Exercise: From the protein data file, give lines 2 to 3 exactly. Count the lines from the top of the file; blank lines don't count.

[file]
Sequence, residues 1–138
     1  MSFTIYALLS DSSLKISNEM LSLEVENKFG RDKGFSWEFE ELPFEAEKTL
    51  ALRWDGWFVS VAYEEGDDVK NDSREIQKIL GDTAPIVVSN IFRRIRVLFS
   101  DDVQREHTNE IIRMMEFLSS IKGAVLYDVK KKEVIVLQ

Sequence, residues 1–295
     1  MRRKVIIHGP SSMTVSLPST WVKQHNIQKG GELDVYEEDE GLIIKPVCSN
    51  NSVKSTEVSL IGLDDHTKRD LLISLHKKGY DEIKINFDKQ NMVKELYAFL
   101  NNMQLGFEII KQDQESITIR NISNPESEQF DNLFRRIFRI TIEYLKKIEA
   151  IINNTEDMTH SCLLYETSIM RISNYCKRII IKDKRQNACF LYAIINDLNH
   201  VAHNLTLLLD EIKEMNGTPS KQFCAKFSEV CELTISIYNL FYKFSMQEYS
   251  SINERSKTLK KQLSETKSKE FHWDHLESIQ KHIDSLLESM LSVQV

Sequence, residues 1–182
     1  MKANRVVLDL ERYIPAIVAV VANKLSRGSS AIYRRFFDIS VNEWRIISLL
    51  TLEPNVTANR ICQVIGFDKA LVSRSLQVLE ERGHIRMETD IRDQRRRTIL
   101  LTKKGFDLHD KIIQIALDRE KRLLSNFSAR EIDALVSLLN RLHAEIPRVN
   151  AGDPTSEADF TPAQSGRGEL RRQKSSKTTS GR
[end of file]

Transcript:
     1  MSFTIYALLS DSSLKISNEM LSLEVENKFG RDKGFSWEFE ELPFEAEKTL
    51  ALRWDGWFVS VAYEEGDDVK NDSREIQKIL GDTAPIVVSN IFRRIRVLFS